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TODO List
  • more detail from Q0 (Game of life etc) in order to make more clear this idea of what a model is and what models can tell us



So, what are models?


In the previous sections we have discussed various modeling formalisms. However, can we now define what a model is? The only thing we can really say at this point is that:
A is a model of B when by studying A we (hope to) get to know something about B!

Unfortunately this sounds rather trivial, so is it of any value to us?
Well, we can refine this statement to some extent:

How to make a model of B?

To do this one needs a “mapping” of B in variable/states such that it satisfies requirements of dynamical system unique next state function < I, S,O,SUM,OMEGA >. To this end different model formalisms can play different roles:
  • For cellular automata: (Occupation of) patches of space versus individuals
  • For maps and ODEs: Fixed set of continuous variables versus populations or concentrations

Furthermore, we note the following things:

i) A model should NOT be as general as possible
external image gib4.jpg
"The rock of Gibraltar is a model for my brain." (Ashby). There is a model relation between a brain and the rock in the sense that they both persist for some time.

ii) A model should NOT be as similar as possible
In that case "A is the best model for A."

iii) Models can relate to the things they model in different ways
A model therefore needs to map B into states such that it meets the unique next state function, and this can be done using short cuts (e.g. ordering and/or contracting of possibilities). How the model then relates to the issue it models depends on how concepts are defined for that the modeling formalism chosen is useful. In this light we can have different model relations:
  1. One-to-one model: Matching one thing with a model (modeling a single thing, e.g. weather).
  2. Modeling a class of things: Models with parameters that represent a whole class of cases, and are (to a certain extent) generic
  3. Modeling a class of models: Using specific cases to characterize a class of cases, i.e. using a paradigm system. Often this involves taking extreme cases in order to learn more (as an example of, or a worst or best case scenario).

"As simple as possible, but not more than that" (Einstein)

iv) What needs to be modeled and explained?
How to identify which patterns need explaining?
i) How special is it? -> robustness and comparison model formalisms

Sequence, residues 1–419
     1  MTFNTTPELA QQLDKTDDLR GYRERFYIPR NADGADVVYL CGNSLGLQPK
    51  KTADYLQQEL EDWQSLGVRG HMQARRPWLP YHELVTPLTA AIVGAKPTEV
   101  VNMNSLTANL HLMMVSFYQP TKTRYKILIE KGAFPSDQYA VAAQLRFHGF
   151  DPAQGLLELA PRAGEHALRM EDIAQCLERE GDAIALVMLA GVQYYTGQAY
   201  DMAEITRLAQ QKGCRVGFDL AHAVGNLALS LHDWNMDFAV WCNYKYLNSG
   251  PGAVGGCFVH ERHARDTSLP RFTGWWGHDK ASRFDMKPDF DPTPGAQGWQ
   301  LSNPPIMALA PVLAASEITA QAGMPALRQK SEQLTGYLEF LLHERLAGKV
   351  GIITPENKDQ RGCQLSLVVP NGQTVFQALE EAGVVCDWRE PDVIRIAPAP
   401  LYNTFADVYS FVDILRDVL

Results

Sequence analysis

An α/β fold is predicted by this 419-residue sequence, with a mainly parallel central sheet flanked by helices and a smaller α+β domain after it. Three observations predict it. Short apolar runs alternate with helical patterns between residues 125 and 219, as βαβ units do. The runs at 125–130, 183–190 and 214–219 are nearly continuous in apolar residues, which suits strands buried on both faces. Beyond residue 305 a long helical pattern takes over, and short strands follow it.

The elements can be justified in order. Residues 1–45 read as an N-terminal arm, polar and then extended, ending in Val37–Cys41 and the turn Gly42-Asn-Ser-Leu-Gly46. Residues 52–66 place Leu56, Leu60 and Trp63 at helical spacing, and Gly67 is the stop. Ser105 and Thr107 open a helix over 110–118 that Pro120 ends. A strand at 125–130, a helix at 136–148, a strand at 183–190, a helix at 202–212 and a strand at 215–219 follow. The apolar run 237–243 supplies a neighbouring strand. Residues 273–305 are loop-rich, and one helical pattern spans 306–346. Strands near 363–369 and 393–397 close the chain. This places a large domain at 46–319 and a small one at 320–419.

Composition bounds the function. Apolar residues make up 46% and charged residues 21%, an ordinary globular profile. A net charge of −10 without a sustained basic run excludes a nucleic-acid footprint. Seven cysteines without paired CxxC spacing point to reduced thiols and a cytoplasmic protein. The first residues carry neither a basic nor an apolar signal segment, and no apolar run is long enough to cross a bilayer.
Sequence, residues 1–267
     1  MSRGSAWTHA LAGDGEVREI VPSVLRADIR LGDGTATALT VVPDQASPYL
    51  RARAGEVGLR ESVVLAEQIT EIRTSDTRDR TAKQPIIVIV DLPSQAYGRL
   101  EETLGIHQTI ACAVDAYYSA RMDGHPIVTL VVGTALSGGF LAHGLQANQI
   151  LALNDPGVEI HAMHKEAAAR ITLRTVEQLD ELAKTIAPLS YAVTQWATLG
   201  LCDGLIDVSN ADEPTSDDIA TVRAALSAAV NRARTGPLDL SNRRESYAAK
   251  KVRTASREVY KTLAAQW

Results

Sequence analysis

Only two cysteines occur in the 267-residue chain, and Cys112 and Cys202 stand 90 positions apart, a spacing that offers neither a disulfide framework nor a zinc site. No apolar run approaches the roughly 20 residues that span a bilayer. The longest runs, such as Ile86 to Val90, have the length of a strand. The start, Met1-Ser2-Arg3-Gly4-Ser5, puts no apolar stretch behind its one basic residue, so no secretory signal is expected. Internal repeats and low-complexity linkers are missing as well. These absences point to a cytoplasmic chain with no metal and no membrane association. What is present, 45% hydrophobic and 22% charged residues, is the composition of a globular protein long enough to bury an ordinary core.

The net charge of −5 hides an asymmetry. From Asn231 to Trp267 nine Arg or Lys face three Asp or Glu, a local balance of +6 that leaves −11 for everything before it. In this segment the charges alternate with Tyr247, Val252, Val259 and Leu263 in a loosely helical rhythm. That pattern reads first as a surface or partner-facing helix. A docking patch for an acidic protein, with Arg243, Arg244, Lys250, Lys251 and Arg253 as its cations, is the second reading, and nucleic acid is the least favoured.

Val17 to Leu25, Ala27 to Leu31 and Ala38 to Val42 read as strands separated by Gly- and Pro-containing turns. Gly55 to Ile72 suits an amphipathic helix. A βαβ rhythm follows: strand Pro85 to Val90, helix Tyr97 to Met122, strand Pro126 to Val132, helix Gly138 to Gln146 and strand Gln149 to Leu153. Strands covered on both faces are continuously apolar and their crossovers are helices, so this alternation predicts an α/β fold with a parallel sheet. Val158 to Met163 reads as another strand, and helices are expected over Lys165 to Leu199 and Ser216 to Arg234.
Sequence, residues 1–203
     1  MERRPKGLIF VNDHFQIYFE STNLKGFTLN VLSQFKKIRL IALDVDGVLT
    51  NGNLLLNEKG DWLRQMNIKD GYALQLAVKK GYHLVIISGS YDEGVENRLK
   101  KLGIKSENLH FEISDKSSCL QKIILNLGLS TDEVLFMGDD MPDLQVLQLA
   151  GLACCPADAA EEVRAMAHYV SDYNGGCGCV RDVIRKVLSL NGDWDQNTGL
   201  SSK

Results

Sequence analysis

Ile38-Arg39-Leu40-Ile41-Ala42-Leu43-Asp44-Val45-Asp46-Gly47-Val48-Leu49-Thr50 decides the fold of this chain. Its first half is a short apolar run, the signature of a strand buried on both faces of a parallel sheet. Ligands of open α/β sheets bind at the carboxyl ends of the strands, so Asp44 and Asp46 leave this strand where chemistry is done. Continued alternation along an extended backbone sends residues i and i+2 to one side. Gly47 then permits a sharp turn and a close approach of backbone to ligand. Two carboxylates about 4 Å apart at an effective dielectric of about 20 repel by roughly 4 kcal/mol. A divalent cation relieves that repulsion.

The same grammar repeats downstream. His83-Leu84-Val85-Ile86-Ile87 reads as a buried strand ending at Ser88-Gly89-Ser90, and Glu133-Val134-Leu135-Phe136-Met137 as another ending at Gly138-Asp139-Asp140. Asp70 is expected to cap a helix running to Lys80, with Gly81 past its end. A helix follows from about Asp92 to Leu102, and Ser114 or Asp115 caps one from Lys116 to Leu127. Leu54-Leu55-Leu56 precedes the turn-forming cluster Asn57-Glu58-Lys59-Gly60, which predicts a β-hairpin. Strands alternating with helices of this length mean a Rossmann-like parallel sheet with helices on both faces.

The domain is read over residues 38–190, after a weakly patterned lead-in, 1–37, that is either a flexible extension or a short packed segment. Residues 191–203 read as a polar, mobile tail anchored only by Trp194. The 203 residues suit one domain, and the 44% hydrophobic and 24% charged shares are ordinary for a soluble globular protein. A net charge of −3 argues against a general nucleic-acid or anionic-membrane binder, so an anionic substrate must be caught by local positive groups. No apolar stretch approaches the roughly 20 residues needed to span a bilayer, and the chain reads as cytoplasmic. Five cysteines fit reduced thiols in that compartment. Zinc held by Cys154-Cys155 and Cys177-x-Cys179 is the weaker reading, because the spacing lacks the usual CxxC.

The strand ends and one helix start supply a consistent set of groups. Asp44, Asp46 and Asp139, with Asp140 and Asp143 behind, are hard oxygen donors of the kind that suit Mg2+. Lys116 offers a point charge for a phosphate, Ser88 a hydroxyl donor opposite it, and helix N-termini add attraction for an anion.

ii) How generic is it? -> characterizing generic behaviour (sampling, classification, order parameter)
We discuss this with reference to generic CAs and B-cell nodules.



References
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(CHANGELOG 2014-2015)

- Removed reference to daffodil-page




(NOTES FROM COURSE 2006-2007)

SO WHAT ARE MODELS?

Only thing we can say:
A is a model of B when by studying A we (hope to) get to know something about B

Is this a trivial statement? Well ....

A model should NOT be a general as possible:
Ashby: "The rock of Gibraltar is a model for my brain." (They both persist for some time).

A model should NOT be as similar as possible:
"A is the best model for A."

A model needs to map B into states such that it meets the unique next state function, and this can be done using short cuts (e.g. ordering and contracting possibilities).

(LECTURE 2)
Model relation: define concepts such that model formalism is useful.

a) One-to-one model: matching one thing with a model (modelling a single thing).
b) Modelling a class of things: models with parameters
c) Modelling a class of models: using specific cases to characterize a class of cases => paradigm systems: often take extreme cases in order to learn more (an example of ...).

Einstein: "As simple as possible but not more than that."

How to identify which patterns need explaining?
i) how special is it?
ii) how generic is it?


Review Q1: non-advanced: Classical Growth

Point one: Logistic equation is an arbitrary choice: 1st Taylor expansion of Verhulst: growth should not come out of air and go into air.
Putting in more biological interpretation: other per capita growth curves, difficult to interpret especially concave one.
However this is exactly the one which is most natural in the CA because growth becomes dependent on mesoscale patterns.

Once the field is full one gets chaotic behaviour although constancy globally. This is different from the MAP chaos which with takens reconstruction can be shown to fall within two dimensions (line). In the CA it is highly dimensional chaos.
Message is also that the way we set up experiments determines part of the outcome: e.g. wet growth experiments, and that we often have ODEs in mind, and therefore set up experiments well-mixed.

Also, in global variable, we no longer have unique next state, while we do at the local level, while one might expect it at the global level and not at the local level (i.e. population size is not a predictor for growth rate). Being at the right resolution is therefore very important.

Q2: Classical competiton

Structural changes in SP-M does not change much in relation to MOZ dynamics: structurally stable!

Network Question (homework)

Point: different model formulisms can channel research questions, pushes you in certain directions
ODE: how to get dynamical system which does "cell cycle"?
Network: how are molecules organised to get behaviour that is cycle like?

Tyson: middles out, knows a little bit the rules of system and knows about final behaviour and links them together
It is a bit like reverse engineering.

vs

Need to look what happens: bottom up approach.